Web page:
Salt Lake City, Utah, is the perfect hub for wintertime adventures. With a major airport and the epic Wasatch Mountains — along with their chart-topping snowfall — less than an hour away, Salt Lake is becoming a go-to for outdoor enthusiasts wanting to make the most of a few days in nature, particularly during the colder months. These images show some of the incredible experiences you can have near Salt Lake City in the winter.


We arrive in Salt Lake ready to explore. Our first activity begins just 15 minutes from the airport. We decide to explore the City Creek Center, a space right in downtown Salt Lake City filled with open architecture, shops, and restaurants. The four of us are impressed by the open-air architecture and mixed-use space.


We drive right outside of the city to begin our snowy adventures, driving southeast from Salt Lake into Little Cottonwood Canyon. Winter often gets a bad wrap for traveling because folks are intimidated by the cold, but great gear can keep you comfortable in all temperatures. We brought the Rumpl Travel Blanket, which packs down to the size of a Nalgene and kept us cozy on the plane, when we’d bundle up to hop out of the car for some sightseeing, and later when we were camping.


At Little Cottonwood Canyon is one of the many canyons that make Salt Lake such an incredible hub for outdoor adventure. We are ready to make our way into the woods. We pile snacks and water into our packs, strap on snowshoes, and venture on the White Pine Lake Trail into aspens surrounded by a blanket of fresh snow. Snowshoeing is similar to hiking, but the large flat area under your feet disperses your weight to keep you from sinking into the snow.


Winter camping is intimidating to many people, but by following a few tips it can be a super way to enjoy the outdoors in winter. We made sure to bring gear that would keep us cozy throughout the night. Warm sleeping bags and sleeping pads are a must, and a Nalgene full of boiling water keeps our toes warm until we fall asleep. Cozy in our tents, we fall asleep ready for the adventures the next day has in store.


Our first full day begins with a summit of Toledo Peak. Touring into the backcountry consists of putting skins, or strips of material that create friction, on the bottom of your skis to enable you to travel upward. It’s incredibly important to be safe when traveling in the backcountry due to avalanche risk. Not only did we come in having taken avalanche courses, but we hired guides from The Backcountry Pros. It’s vital to hire guides who are certified and come with years of experience, as well as guides who make you feel comfortable. Our guide, Alex, pictured above, taught us about snow science and safety on our tour. He ensured we were safe and kept us laughing, all while beating us up the skin track.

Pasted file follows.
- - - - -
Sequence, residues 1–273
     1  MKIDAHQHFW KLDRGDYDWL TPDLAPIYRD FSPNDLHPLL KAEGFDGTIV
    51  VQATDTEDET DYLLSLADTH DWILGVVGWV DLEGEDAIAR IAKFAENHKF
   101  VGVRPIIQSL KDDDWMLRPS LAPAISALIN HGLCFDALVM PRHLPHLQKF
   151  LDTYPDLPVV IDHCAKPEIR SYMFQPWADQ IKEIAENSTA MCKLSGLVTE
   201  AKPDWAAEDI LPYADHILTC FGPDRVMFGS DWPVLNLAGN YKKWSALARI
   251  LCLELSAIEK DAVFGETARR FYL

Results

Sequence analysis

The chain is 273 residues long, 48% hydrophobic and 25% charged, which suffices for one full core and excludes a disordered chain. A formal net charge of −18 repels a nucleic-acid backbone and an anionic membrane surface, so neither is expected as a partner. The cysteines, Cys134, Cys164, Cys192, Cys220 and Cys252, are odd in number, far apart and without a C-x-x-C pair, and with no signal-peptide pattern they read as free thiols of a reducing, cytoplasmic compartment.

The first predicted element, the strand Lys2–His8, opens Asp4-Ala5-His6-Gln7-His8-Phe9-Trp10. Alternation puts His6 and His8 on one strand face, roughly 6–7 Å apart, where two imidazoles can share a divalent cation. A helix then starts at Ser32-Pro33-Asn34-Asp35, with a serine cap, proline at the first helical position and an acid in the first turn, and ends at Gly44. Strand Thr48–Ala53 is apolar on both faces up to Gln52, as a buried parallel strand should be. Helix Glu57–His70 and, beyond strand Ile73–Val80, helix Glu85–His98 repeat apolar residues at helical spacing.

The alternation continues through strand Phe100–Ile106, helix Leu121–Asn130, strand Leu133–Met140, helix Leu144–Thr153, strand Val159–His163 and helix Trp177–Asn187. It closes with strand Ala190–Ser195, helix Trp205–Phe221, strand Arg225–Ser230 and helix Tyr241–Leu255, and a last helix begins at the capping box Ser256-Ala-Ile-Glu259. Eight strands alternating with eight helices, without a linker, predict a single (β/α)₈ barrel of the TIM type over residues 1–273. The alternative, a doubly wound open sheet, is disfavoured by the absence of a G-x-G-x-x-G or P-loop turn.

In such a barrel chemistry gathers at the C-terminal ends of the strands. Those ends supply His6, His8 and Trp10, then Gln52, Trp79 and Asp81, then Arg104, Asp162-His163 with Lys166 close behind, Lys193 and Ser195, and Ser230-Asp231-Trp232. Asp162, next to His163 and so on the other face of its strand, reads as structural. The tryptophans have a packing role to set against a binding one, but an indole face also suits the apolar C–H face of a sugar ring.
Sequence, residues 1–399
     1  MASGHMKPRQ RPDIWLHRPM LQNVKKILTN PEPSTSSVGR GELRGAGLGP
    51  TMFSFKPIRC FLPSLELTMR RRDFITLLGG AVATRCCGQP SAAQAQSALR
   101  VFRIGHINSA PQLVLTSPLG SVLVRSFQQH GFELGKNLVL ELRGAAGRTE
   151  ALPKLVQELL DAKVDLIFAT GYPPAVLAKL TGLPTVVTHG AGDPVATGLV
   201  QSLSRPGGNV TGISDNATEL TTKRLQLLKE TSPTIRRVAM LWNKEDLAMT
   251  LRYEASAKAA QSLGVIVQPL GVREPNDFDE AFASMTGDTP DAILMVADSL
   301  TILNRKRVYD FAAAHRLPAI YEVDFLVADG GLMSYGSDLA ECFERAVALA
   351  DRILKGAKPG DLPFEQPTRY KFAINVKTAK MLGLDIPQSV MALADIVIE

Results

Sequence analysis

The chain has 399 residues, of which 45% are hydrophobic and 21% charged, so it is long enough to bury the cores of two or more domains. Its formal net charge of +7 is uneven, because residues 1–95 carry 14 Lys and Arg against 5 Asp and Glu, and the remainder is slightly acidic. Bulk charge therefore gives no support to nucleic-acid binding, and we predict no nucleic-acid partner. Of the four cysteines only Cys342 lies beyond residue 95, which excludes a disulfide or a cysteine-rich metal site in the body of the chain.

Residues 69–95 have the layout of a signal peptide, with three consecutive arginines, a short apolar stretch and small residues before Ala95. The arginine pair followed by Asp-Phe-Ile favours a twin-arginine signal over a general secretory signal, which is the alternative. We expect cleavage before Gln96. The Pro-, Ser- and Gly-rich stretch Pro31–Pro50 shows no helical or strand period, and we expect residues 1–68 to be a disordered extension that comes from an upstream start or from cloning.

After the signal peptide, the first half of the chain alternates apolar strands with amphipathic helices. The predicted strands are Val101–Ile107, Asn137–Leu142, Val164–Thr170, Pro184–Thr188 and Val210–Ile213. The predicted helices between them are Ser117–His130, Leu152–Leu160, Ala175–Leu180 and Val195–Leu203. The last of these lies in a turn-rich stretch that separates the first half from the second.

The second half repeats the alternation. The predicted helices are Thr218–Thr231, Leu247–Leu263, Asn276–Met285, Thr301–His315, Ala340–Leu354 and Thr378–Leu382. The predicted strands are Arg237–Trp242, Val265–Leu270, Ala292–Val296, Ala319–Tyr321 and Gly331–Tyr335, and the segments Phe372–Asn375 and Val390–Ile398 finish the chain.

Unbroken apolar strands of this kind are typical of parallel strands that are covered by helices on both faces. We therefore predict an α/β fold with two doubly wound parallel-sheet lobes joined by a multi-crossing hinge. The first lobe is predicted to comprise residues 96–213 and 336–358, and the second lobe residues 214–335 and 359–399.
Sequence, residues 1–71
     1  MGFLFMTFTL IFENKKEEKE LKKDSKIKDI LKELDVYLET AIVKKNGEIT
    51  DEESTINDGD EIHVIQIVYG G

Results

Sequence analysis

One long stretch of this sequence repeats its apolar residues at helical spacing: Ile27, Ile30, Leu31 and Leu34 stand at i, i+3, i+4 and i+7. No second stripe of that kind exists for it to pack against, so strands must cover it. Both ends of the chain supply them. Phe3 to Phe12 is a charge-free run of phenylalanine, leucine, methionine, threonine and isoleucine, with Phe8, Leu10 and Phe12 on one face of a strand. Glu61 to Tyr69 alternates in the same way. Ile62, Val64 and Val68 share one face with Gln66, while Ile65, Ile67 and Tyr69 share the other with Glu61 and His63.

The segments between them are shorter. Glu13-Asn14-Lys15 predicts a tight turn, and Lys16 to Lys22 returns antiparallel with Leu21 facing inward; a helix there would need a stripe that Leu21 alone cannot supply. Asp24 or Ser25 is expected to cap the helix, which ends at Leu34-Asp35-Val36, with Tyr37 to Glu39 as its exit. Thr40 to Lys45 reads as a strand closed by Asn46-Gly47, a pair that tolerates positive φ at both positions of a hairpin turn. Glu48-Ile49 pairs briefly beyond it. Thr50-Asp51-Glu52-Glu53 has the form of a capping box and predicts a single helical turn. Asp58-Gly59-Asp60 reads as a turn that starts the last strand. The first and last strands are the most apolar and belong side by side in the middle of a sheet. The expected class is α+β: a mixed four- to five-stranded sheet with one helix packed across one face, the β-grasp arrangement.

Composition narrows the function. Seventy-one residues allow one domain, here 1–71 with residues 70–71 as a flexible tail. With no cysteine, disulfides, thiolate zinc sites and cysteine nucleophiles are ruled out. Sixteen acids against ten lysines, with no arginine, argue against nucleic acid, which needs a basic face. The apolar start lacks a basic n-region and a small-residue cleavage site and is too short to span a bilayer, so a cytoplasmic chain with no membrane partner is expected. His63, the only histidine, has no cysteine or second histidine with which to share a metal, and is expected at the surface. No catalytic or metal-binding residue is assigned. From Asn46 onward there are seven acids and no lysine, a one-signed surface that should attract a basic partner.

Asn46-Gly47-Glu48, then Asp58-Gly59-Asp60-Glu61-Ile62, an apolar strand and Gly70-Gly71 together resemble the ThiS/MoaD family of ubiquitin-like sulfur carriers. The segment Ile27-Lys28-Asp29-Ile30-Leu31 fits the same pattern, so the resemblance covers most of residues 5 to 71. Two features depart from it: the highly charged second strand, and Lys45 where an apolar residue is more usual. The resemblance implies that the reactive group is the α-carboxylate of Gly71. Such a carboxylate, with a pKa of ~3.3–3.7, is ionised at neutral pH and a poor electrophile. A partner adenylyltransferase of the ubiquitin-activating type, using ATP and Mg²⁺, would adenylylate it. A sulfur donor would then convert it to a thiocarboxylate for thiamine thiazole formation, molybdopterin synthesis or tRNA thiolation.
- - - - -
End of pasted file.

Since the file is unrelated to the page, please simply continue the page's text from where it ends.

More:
Many folks backcountry ski in the Wasatch Mountains, the range right outside of Salt Lake City. If you’d like to take your tour a step further, you can look into hiring a guide to make it even more interesting and add climbing. We hired The Backcountry Pros to help us summit Toledo Peak, a peak across from the Alta Ski Area, via a ridgeline. This required gear like crampons (traction devices), rope, harnesses, and placing trad gear (climbing devices that help protect you against falls). Safe to say, we were grateful to have an experienced guide.


After hours of skinning up and climbing, we finally reached the 10,530-foot summit of Toledo Peak. The views of the surrounding mountains were incredible, and it made us realize how breathtaking the Wasatch Range is. You don’t need to climb Toledo Peak to have views like this, either. The Wasatch has hiking trails that make views like this accessible to anyone. Again, make sure you are properly equipped and know what to do in order to safely travel through avalanche terrain.


After a day of exhausting adventure, we make our way to The Cliff Lodge, where we are staying for the night. The Cliff Lodge is unlike any hotel we’ve stayed at. It’s situated in a canyon at Snowbird, surrounded by epic, snow-covered mountains. The rooftop pool and hot tub at the Cliff Spa have views that take our breath away. We relax our sore muscles in warm water while taking in the views.


We have a reservation at SeventyOne and are grateful that there is such a delicious restaurant right at the hotel. SeventyOne looks out over the Snowbird resort, so we dig into Moscow mules and such satisfying meals as roasted salmon while we observe the pistes we will be skiing the next day.


We get a good night's sleep but don’t go out skiing right away. Instead, we head out early to drive metal sticks into ice. As we’ve mentioned, it’s important to go with guides you trust. We rehire The Backcountry Pros to take us ice climbing, and we get to try our hand at a sport that isn’t as scary as it may seem. It’s key to have the right knowledge and clothes for winter activities. We recommend opting for gear made to withstand wind and water, like the Bertagen Eco-Shell Trousers pictured above.


With just enough time to get a few powder runs in, we head back to Snowbird after a morning of scaling walls of frozen water. We cannot believe how deep the powder is for being in a resort. Then again, with 500 inches of average annual snowfall, Snowbird is one of the snowiest resorts in the country, and we are grateful to be skiing there. The snow is light, fluffy, and plentiful. It’s no wonder Utah claims to have the greatest snow on Earth, and why people flock to Salt Lake City in the winter.